Bidirectional effects on interhemispheric resting-state functional connectivity induced by excitatory and inhibitory repetitive transcranial magnetic stimulation

Hum Brain Mapp. 2014 May;35(5):1896-905. doi: 10.1002/hbm.22300. Epub 2013 Jul 29.


Several recent studies using functional magnetic resonance imaging (fMRI) have shown that repetitive transcranial magnetic stimulation (rTMS) affects not only brain activity in stimulated regions but also resting-state functional connectivity (RSFC) between the stimulated region and other remote regions. However, these studies have only demonstrated an effect of either excitatory or inhibitory rTMS on RSFC, and have not clearly shown the bidirectional effects of both types of rTMS. Here, we addressed this issue by performing excitatory and inhibitory quadripulse TMS (QPS), which is considered to exert relatively large and long-lasting effects on cortical excitability. We found that excitatory rTMS (QPS with interstimulus intervals of 5 ms) decreased interhemispheric RSFC between bilateral primary motor cortices, whereas inhibitory rTMS (QPS with interstimulus intervals of 50 ms) increased interhemispheric RSFC. The magnitude of these effects on RSFC was significantly correlated with that of rTMS-induced effects on motor evoked potential from the corresponding muscle. The bidirectional effects of QPS were also observed in the stimulation over prefrontal and parietal association areas. These findings provide evidence for the robust bidirectional effects of excitatory and inhibitory rTMSs on RSFC, and raise a possibility that QPS can be a powerful tool to modulate RSFC.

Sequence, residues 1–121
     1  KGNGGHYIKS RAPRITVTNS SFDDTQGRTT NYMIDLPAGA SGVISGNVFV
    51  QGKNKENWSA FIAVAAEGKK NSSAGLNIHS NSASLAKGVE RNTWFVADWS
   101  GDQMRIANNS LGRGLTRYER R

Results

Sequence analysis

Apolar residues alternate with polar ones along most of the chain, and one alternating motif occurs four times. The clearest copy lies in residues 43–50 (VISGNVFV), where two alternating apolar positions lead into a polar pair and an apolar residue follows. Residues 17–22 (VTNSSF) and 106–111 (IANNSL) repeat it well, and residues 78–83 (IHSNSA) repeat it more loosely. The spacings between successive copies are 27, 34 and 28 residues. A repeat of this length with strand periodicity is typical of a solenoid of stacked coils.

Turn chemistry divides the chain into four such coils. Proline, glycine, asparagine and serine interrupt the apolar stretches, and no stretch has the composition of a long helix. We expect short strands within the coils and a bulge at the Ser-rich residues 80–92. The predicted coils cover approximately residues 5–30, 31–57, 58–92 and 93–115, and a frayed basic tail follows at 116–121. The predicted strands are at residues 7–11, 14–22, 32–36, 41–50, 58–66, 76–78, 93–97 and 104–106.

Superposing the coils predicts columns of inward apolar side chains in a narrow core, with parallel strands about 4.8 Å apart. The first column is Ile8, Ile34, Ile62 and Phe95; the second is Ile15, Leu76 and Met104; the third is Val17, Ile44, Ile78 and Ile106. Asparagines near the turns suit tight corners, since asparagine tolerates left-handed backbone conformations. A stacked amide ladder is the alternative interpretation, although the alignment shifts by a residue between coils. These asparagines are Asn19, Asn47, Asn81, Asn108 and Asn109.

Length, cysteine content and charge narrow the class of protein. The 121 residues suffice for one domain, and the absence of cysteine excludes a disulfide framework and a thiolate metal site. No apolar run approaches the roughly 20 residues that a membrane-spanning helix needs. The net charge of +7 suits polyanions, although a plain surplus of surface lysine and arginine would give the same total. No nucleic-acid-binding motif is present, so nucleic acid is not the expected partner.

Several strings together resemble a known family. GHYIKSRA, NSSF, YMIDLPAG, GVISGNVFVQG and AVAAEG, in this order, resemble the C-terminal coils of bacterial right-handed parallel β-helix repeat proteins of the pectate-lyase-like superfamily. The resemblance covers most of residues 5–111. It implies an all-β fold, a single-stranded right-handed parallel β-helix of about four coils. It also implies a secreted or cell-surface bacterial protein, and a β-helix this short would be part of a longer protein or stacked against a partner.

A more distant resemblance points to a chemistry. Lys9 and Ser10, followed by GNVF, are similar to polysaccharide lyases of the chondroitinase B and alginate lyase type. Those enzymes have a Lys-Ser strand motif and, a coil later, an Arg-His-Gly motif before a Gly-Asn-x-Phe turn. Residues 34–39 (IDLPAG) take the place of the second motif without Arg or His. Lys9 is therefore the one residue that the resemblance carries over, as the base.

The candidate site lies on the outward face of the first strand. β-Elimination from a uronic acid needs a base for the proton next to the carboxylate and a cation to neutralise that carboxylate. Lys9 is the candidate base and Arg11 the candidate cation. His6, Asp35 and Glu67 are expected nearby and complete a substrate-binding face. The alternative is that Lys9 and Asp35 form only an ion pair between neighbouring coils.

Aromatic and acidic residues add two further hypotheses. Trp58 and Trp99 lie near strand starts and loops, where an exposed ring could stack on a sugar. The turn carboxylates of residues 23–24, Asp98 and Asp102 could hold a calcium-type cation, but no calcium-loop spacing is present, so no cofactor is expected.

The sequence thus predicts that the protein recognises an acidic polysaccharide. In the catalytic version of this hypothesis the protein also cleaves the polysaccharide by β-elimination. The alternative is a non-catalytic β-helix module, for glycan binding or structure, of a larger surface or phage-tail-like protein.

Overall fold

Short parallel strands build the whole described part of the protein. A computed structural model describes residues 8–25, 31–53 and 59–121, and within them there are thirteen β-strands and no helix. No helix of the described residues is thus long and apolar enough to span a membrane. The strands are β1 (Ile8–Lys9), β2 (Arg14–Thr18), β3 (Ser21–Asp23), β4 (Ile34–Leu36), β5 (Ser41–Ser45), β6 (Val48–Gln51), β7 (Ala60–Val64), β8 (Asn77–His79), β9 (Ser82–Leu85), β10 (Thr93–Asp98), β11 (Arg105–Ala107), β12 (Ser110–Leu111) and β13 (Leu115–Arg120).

Keywords: QPS; fMRI; rTMS; rs-fcMRI; transcallosal connection.

Publication types

  • Research Support, Non-U.S. Gov't

MeSH terms

  • Adult
  • Brain Mapping
  • Electromyography
  • Evoked Potentials, Motor / physiology*
  • Functional Laterality / physiology*
  • Humans
  • Image Processing, Computer-Assisted
  • Male
  • Motor Cortex / blood supply*
  • Motor Cortex / physiology*
  • Oxygen / blood
  • Rest / physiology*
  • Transcranial Magnetic Stimulation*


  • Oxygen